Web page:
A crime-lab reporting error could impact hundreds of Columbus cases
Defendants count on criminal defense attorneys when freedom is at stake
No one wants to end up in the hot seat. But when it comes down to guilt and innocence, we all count on a fair trial, right? In the case of a Columbus crime lab, a reporting oversight may have tipped the scales for hundreds of convicts in Columbus.
The Columbus Dispatch reported Police Chief Kim Jacobs’ announcement in late April that crime-lab technicians didn’t always include the proper statistical weight in DNA testing reports from the summer of 2009 until last September.
Statistical weight, the Dispatch explained, shows the probability that DNA in evidence belongs to a particular person. Because unrelated people can share similar genetic patterns, statistical weight is needed to determine whether others in the population could also be a potential match.
Without that statistical weight, the results can be next to meaningless. In fact, if a suspect’s DNA matches the DNA found on a gun, for example, the likelihood that he or she put it there could be as great as 1 in 1,000,000,000 or as little as 1 in 1,000.
Not having the statistical weight is a major omission. “Just saying there’s a DNA match is not a very strong statement until you give those additional details,”Larry Mueller, an ecology and evolutionary biology professor at the University of California-Irvine who has studied DNA testing for more than 20 years, told the Dispatch.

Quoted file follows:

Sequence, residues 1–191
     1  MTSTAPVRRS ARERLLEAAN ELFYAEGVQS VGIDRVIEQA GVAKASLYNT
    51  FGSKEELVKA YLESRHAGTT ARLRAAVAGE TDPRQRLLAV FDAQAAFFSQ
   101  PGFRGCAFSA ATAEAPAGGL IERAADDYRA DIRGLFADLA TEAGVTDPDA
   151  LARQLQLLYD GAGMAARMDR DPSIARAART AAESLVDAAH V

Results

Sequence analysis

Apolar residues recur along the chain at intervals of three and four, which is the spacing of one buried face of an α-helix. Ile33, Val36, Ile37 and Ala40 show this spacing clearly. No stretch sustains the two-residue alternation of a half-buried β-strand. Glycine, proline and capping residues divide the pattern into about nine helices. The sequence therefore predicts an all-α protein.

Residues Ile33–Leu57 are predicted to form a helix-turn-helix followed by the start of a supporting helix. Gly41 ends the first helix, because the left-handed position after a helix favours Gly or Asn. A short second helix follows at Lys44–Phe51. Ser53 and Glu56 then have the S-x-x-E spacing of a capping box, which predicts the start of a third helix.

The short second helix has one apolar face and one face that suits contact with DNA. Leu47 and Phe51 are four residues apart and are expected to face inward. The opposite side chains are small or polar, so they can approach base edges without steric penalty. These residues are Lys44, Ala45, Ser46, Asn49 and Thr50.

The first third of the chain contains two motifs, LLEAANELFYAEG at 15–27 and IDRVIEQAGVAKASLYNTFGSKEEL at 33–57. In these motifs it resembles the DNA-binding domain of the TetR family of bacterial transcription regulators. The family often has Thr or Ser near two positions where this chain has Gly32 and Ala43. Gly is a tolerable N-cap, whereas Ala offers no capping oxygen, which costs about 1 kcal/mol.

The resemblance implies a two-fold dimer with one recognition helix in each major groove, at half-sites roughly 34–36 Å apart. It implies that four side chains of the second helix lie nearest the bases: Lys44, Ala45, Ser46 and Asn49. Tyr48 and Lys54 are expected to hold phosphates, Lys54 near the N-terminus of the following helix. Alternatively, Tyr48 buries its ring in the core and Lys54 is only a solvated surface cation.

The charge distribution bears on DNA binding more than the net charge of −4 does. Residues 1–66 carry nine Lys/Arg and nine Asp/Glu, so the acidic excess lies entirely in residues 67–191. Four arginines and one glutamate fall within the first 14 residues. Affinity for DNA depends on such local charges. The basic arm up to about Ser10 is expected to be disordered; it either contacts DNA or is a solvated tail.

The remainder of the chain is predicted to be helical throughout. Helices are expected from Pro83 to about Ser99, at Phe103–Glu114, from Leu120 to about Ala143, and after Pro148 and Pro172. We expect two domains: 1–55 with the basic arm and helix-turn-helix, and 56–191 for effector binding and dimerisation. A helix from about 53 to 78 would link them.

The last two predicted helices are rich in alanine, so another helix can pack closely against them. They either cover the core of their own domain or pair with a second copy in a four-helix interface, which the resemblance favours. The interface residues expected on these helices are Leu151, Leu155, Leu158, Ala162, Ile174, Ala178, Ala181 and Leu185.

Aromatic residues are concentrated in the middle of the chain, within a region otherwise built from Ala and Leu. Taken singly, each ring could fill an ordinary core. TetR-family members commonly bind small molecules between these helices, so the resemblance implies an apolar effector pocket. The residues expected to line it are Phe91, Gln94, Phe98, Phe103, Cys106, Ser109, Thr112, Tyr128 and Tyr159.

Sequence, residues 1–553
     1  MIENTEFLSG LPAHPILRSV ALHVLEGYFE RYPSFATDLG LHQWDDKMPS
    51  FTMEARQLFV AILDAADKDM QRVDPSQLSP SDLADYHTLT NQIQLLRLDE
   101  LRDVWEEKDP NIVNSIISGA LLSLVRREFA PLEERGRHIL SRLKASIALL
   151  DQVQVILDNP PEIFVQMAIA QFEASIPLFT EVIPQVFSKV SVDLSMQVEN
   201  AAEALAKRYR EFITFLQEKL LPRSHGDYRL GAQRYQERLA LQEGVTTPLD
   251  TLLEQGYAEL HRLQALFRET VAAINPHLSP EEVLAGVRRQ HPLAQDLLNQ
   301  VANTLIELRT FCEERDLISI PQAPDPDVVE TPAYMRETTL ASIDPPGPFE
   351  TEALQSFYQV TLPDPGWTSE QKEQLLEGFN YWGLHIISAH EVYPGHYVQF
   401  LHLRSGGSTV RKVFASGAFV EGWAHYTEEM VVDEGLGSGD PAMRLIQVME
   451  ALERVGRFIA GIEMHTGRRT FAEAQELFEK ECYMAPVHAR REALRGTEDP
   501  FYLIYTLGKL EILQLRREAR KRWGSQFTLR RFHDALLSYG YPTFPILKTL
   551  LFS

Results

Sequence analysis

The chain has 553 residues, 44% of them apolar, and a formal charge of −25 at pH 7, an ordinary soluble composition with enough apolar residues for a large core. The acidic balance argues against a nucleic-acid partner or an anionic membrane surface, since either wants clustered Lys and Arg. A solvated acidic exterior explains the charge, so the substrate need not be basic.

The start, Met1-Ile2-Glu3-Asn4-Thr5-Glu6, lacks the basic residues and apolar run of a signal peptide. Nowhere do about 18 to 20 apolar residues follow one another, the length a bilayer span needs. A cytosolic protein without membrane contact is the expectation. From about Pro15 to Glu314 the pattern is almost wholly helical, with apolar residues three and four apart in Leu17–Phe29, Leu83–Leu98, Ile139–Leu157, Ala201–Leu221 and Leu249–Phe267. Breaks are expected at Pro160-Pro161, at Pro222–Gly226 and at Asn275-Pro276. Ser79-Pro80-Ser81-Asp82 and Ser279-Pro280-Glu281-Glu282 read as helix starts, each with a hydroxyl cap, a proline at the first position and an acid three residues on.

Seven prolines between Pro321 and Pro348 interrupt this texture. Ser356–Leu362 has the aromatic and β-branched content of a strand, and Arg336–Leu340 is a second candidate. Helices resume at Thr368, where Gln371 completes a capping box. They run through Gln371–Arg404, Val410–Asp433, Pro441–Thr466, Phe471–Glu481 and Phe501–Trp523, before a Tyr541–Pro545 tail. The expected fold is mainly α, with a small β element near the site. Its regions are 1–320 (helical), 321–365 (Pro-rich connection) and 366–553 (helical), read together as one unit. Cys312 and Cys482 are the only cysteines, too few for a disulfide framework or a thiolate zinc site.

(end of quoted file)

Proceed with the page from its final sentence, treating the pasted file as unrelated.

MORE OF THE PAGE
Even in cases of plea agreements, DNA evidence can have a big impact, said defense attorney Kort Gatterdam. Gatterdam represented one of the homicide defendants who pleaded guilty in Columbus and could be affected by the reporting confusion.
DNA is often viewed as more reliable than witness testimony and could push a defendant to take a plea deal with a reduced sentence rather than risk a trial.
However, Mueller said, judges, juries and attorneys can be overly confident with DNA match results.
“They can jump to a conclusion that there’s no doubt about who left that DNA when there might be some,” he said.
The Ohio appeals process
When a jury or judge delivers a decision in a criminal trial, the defendant has the right to appeal the decision. Many criminal cases that go to trial move on to the appeals process. Like the cases affected by the Columbus crime-lab, this is often as a result of new evidence in the case.
Appellate law involves the appeals process, meaning a higher court reviews the lower court’s judgment. Unlike other forms of legal proceedings, in appellate law there is no discovery. The appellate record is limited to the facts presented during the original trial. In Ohio, appeals are presented to a three-judge appellate panel. Because appeals are decided almost entirely on the written briefs, a compelling appellate brief and a powerful oral argument are the vital tools of a successful legal advocate’s appeal.
Turn to a criminal defense attorney who will fight for your appeal
Police and prosecutors—and even judges—make errors that can cost you your freedom. Yavitch & Palmer’s criminal defense attorneys are devoted to criminal appeals for those unjustly convicted. If you or someone you care about is a facing a prison sentence or the death penalty, come to professionals who have pursued successful appeals for many Ohioans in desperate circumstances.